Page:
Green winged teal flock

Late season teal zigging and zagging as they come in.

yellow lab with a duck

Sugar retrieving a drake GWT.

So I’ll just come on out and say it, I’m a big time teal hunter. I love ‘em. Just like I love fly fishing for carp in the summer. I’ll take these little guys any day of the week, especially when December and January come around.

duck hunters with ducks

Late season teal success, with a few slow ducks thrown in for good measure.

Late season duck hunting tactics, a short video

This short video is from our late season duck hunts on the ice. These hunts were filmed over the last couple of weeks of our 2011-2012 waterfowl season. Thanks to Troy, Rob, Bryce, and Max, they are patient friends!

Late season duck hunting tactics: Go lightweight to get to the birds.

Farmington Baby duck hunt

Late season duck hunting

Late season duck hunting is officially under way here in Utah. Early December is when we usually see our first hard freeze of the year . All of the major marshes in the state are frozen to the point where they are impassable with a boat and many of the ducks and geese head either south or west for warmer temps. So is it time to give it up chasing ducks? Hardly! Now is the time to use different tactics and approaches for late season waterfowl. Food sources and open water become even more important than ever, but it”s also more difficult to get to the birds because of the ice. Setting yourself up to travel to the birds with lightweight decoys and gear is essential for success.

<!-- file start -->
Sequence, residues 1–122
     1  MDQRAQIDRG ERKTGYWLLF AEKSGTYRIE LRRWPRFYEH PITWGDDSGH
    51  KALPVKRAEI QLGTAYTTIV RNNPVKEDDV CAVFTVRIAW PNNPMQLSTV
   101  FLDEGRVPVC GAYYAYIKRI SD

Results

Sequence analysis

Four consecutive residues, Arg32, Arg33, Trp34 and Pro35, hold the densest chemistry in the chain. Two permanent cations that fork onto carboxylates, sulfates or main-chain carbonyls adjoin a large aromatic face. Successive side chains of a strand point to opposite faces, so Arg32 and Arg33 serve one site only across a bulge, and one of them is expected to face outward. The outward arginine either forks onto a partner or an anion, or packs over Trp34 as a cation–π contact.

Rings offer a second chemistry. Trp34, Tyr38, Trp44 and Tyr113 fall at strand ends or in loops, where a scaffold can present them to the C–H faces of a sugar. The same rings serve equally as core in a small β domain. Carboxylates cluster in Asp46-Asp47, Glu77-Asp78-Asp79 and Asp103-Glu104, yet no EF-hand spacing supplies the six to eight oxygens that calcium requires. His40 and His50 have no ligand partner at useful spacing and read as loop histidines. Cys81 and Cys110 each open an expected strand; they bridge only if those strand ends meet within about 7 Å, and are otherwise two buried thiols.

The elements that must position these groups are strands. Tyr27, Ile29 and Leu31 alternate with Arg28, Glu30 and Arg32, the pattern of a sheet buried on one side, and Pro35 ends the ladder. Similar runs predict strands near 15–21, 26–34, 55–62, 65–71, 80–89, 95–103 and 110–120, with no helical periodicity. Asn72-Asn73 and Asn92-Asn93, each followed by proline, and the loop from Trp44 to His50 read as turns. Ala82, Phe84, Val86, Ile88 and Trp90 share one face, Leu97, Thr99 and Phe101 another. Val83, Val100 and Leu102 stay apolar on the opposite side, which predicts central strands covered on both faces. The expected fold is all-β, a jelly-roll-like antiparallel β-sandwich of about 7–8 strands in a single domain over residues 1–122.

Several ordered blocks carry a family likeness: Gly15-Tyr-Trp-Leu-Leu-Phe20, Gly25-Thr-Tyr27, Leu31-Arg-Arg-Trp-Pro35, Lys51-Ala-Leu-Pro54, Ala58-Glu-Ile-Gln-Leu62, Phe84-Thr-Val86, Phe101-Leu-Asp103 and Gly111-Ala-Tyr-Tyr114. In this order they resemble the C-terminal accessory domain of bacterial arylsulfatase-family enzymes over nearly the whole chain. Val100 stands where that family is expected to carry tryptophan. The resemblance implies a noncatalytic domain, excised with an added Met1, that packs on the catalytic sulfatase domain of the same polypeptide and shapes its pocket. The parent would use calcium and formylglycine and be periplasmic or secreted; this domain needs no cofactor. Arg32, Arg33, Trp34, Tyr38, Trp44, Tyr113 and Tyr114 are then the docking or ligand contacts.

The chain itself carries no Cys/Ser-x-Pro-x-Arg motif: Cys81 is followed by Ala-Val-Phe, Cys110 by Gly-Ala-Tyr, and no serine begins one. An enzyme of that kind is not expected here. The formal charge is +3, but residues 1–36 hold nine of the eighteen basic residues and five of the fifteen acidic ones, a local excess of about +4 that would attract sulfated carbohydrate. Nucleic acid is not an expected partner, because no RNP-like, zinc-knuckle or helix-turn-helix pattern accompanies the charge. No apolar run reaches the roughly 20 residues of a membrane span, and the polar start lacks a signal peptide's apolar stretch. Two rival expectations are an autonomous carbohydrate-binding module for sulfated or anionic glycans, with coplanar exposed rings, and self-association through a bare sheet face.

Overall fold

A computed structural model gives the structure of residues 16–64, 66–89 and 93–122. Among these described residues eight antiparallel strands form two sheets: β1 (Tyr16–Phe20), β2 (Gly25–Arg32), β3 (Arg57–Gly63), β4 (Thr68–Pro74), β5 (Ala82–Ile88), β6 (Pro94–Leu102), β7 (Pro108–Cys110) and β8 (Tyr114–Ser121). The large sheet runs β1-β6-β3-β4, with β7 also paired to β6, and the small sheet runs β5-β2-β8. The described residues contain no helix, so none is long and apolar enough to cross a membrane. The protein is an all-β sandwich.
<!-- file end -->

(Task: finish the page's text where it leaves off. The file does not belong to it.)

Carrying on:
We are lucky enough to have a 100-day season to hunt waterfowl in Utah,which is great because we get to hunt in so many different weather conditions. The last 40 days of the season involve freezing and thawing periods, which present a ton of opportunities for us.  I enjoy this time period for many reasons. First, there is a lot less competition in the marsh from other duck hunters. I would guess that at least 95% of the duck hunters in the state have quit chasing ducks and geese by by the time the ice sets in. Second, even though duck numbers are down, the birds that remain are mature, colorfully plumed birds. Picking out your drakes during late season hunts is as easy. Greenheads and pintails glow this time of year! Third, it takes years of hunting and chasing these late season birds to really figure them out, it is physically demanding and hard hunting but it’s extremely rewarding. And finally, the best flight of the day usually occurs between noon and 5:00 PM, which is really hard to beat.